Ani, kabi, lavis, haklis, antip
This is the means of counting in Penobscot Indian language. The numbers are different. To speak of them you would say, "pesek, nis, nas, yeu, paleneski". This rhyme was collected in the 19th century from a Penobscot woman in Old Town, Maine.
The pronunciation for the counting chant is, "Ah'-nee, kah'-bee, lah'-wis, hahk'-lis, untip."
How to use it in the classroom?
Native American music is almost always performed with a steady drum beat. Ask students how a steady beat is kept in the context of a game. You'll probably get a list like this.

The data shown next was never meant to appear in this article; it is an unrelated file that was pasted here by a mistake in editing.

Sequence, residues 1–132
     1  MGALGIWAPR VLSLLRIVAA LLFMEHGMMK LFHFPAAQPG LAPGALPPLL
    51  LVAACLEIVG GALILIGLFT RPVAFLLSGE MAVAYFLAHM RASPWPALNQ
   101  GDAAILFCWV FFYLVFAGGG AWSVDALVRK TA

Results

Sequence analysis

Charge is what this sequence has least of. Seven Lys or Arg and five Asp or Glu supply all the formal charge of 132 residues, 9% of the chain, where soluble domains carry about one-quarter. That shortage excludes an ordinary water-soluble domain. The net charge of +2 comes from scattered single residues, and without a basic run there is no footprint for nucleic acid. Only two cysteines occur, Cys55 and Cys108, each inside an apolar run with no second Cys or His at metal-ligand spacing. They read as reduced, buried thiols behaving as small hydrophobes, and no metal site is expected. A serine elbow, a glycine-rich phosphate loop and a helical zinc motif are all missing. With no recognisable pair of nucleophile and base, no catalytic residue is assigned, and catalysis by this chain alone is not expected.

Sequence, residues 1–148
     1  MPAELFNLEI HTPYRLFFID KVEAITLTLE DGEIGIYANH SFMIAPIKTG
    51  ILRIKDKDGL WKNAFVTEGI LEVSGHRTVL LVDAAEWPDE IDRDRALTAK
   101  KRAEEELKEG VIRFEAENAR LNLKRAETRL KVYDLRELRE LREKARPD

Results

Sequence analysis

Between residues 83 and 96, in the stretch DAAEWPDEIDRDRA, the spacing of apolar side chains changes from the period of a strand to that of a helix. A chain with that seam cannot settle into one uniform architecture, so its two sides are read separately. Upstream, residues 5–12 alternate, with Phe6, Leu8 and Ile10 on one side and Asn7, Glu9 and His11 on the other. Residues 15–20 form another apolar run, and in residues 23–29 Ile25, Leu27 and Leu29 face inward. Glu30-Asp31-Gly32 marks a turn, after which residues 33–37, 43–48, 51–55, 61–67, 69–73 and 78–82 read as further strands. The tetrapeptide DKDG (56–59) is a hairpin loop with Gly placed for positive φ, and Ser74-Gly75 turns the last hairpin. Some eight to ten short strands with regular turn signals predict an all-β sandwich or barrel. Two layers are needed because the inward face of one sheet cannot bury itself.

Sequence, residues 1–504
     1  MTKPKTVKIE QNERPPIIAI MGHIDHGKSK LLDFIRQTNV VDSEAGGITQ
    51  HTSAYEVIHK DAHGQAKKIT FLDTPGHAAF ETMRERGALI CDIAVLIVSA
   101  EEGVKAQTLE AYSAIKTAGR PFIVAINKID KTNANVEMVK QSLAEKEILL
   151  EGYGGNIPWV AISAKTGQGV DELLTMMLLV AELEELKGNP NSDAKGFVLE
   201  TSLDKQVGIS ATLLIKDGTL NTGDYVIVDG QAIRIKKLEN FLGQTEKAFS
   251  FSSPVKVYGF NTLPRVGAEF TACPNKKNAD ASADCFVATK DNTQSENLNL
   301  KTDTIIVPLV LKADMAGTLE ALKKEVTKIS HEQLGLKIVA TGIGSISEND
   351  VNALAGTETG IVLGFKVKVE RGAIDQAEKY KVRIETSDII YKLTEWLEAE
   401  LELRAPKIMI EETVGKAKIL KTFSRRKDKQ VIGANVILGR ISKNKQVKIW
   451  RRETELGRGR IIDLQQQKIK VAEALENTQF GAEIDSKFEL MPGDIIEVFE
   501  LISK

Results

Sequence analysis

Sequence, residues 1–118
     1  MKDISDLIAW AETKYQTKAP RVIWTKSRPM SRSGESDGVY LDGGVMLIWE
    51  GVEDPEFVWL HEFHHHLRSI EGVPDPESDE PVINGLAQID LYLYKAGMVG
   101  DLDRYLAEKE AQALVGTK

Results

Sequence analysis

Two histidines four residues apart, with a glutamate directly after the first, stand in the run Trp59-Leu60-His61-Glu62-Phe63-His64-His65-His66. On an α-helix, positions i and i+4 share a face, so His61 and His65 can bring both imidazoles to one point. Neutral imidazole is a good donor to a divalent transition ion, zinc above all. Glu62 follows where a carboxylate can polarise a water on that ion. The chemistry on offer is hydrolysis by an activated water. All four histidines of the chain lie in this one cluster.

Tell the students that these are counting numbers. Have children break into groups and make up games for the rhyme with a steady beat. The game can be for partners or for a group, but only for an individual if you are counting their fingers (for a baby.)
Have the groups share the games they make.
This can be done with children as young as second grade.